sexually transmitted diseases, THEN
fewer will engage in unsafe practices.
Theory of Change
IF we….
Which will
lead to…
or Social
Intended IMPACT
What’s Most Important
not whether you’re doing process or outcome evaluation…
What do you want to know?
All flows from The Question
• You must ask a specific question: what you
track, consider and learn is dependent on
the question you ask.
You Can Ask/Evaluate Anything
“Are teachers benefitting from the training we offer
them? (How do we know?)”
“Do visitors like our exhibits? (How do we know?)”
“Are we serving girls as well as we serve boys
in this program? (How do we know?)”
But you must ask something!
• Evaluation is NOT about collecting massive
amounts of information, and then attempting to
sort through it later to see “what it says”
Step 3: Tracking
• List two or three things that if they occurred, would
be signs of progress, examples that might show
* making progress towards the desired
outcome for the project
* that provide information that would help you
answer the question you’ve posed.
What information would tell you if you’re making
progress toward your desired outcome?
What would you track to help you answer the
evaluation question you posed?
That’s an “indicator”
Program Example
• Desired Outcome: Our theater’s main stage
audience engagement increases
• How We’ll Know We’re Making Progress/ #1: Mainstage
attendance as a percent of total seat capacity will increase to
65% for the 2010-11 season.
• How We’ll Know We’re Making Progress/ #2: 90% of mainstage
audience members completing the end of season survey will be
“very” or “somewhat satisfied” with the season.
Organizational Example
• Desired Outcome: Board engagement
• How we'll know we're making progress / #1: 80% of
Board members will contribute $500
or more in FY2011.
• How we'll know we're making progress / #2: Each
quarterly Board meeting will have 75% attendance or
better in FY2011.
Golden Rule
In evaluation we want to measure
what we can control.
Measure What Is in YOUR Control…
Not everything that you want to achieve
in your program will be measurable.
Track What’s Closest to What YOU do
The goal of our tutoring program is to help students…
--someday get jobs
--graduate from high school
-- better homework completion rate
-- attend homework helper program
-- be referred to this program by teacher
Keep drilling down, ask “what needs to happen before that can
happen?” You can’t track it all.
S.M.A.R.T. Indicators
• Specific
• Measurable
• Attainable
• Relevant
• Time bound
Which Indicators to Track
• Refer back to the CONDITION you’re hoping to change
or address in the first place
Use What You Have
• Think creatively – how might you be able to tell
that you are achieving your desired results?
• Chances are, you’re already “evaluating” on
some level. What kinds of information are you
already routinely gathering?
There are no laws; there is no one right way. There is
no evaluation police
Peer Feedback
• Volunteers: Share your question
• Colleagues: What might your colleague track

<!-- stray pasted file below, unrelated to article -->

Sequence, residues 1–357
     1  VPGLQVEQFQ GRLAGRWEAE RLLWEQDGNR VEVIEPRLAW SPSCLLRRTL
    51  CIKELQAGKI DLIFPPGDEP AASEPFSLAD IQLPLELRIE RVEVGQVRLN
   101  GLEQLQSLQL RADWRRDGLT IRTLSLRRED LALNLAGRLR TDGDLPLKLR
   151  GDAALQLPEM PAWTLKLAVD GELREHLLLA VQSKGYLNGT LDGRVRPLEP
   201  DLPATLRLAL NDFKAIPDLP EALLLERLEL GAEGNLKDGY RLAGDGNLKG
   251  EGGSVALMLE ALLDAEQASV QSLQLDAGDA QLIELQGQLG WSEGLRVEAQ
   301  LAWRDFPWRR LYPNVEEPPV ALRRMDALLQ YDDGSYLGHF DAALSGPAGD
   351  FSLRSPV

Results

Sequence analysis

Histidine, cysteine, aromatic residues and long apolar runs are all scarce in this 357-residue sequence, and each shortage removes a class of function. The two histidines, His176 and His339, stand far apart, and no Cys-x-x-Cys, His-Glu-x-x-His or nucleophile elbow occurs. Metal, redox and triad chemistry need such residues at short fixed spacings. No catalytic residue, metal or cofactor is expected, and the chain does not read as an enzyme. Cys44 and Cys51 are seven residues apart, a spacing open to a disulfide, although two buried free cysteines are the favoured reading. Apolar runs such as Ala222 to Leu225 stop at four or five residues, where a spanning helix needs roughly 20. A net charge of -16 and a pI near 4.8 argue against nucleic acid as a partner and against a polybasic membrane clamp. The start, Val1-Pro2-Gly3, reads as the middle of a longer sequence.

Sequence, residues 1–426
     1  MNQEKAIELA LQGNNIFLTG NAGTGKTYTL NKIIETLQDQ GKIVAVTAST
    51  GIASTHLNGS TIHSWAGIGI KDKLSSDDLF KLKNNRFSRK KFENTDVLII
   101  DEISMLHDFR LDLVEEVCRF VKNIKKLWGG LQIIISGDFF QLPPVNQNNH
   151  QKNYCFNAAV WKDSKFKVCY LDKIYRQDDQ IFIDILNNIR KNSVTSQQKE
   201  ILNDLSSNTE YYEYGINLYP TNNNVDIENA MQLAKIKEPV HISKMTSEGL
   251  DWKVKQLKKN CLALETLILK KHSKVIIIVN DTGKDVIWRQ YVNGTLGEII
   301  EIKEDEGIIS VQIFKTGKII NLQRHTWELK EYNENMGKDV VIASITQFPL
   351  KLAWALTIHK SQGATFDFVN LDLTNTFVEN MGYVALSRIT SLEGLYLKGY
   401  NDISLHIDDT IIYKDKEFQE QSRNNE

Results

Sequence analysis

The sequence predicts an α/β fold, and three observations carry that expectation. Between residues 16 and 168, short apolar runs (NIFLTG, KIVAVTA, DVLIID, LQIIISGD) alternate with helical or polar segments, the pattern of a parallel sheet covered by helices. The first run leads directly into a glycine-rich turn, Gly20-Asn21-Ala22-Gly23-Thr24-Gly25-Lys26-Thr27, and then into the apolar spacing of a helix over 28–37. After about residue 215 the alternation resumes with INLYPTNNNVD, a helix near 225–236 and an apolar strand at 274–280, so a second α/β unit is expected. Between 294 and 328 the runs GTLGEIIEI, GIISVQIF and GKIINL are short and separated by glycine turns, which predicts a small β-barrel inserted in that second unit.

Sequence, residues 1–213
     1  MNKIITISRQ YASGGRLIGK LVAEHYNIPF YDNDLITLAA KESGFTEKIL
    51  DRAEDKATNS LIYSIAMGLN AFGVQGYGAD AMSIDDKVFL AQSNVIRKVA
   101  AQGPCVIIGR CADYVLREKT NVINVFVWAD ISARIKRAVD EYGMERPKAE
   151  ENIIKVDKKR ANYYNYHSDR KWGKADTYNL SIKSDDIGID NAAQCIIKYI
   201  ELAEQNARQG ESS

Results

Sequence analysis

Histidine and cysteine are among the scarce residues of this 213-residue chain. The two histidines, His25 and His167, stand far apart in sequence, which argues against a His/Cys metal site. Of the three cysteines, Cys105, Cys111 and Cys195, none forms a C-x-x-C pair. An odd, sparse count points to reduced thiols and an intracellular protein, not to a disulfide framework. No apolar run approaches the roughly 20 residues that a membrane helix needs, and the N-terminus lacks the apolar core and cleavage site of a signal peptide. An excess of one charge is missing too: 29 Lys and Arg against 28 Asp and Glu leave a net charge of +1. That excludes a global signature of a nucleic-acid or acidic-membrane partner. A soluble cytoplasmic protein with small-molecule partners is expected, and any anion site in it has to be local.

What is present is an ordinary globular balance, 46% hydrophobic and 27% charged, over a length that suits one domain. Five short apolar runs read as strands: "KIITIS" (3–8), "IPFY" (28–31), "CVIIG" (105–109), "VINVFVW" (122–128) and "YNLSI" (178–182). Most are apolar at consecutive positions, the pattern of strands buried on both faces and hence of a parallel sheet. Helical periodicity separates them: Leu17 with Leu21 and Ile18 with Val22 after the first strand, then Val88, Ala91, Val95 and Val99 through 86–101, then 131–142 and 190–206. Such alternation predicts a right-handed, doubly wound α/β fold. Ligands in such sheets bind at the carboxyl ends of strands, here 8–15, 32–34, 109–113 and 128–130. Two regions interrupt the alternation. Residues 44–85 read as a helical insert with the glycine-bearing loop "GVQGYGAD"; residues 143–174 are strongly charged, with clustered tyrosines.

in order to answer that question?
Don’t overdo it
“Most of the time, what funders and nonprofits really
want to know is if an intervention can have positive
outcomes given the right conditions, and if the results
are worth the investment-- and they only need to know
these answers ‘beyond a reasonable doubt’…. Usually,
this doesn’t require a great deal of time or money. It
does, however, require being very clear about what
you want to know, and why you want to know it.”
---Report from Gill Foundation
Sources of Information
• Agency Records
• Questionnaires/Surveys
• Interviews
• Focus Groups
• Direct Observation
Who Does It?
Another good reason to have an Evaluation
Working Group is to help think through the
evaluation implementation.
Who is going to:
• Collect data
• Enter it
• Compile it for review?
Step 4: Learning
Instead of thinking in terms of data analysis,
helpful to think about data interpretation.
You are looking for patterns and trends;
You are attempting to find correlation and not
What did you learn?
Do your findings speak
for themselves?
What does our data tell us?
1. How successful were we in reaching our
desired outcomes/goals?
2. What might we do next year to improve
our programs/services?
3. How might these improvements lead to
greater impact in the future?
And if you don’t like the results?
Step 5: Using
Plug your new knowledge back into the cycle!
The Evaluation Cycle
Use Evaluation Results to:
• Make Your Case
• Plan Your Next Move
• Gain Perspective
• Identify Resources Needed:
Do NOT Use Results to:
• Punish staff (though evaluation can identify
staff/management issues that need to be addressed)
• Distract from other issues or cover up a problem
• Spend over budget
• Overconfidently dismiss alternate views or approaches.
• Prove to the world how good you are (While it’s good to
toot your horn and show your results, don’t do it at the
expense of learning how to be even better.)
Where to Use Evaluation Findings
• Staff meetings
• Board meetings
• Annual planning
• Strategic planning
• Budget planning
Show and Tell
• Proposals/Report
to funders
• Annual report
• Board meetings
Rolling Evaluation
Don’t forget! The purpose of rolling evaluation is
to isolate one or two key questions to ask PER
year. So when you have successfully completed
one cycle, begin again by revisiting some of the
questions you “shelved” last year.
Level Best Evaluation Steps
identifying your evaluation goals
one-two key questions you want
the activities that you conduct, the
signs that you’re making progress
towards your goals
from what you track and what it tells
the insight you gain to shape your next

Level Best - Grassroots Evaluation Presentation